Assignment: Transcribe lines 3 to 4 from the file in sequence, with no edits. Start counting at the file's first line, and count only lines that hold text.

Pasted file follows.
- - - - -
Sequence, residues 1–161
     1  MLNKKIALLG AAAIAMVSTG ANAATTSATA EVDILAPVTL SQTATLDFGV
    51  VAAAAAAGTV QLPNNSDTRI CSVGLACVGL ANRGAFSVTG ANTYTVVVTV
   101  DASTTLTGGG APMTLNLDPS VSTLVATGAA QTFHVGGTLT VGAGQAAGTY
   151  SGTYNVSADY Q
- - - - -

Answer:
    51  VAAAAAAGTV QLPNNSDTRI CSVGLACVGL ANRGAFSVTG ANTYTVVVTV
   101  DASTTLTGGG APMTLNLDPS VSTLVATGAA QTFHVGGTLT VGAGQAAGTY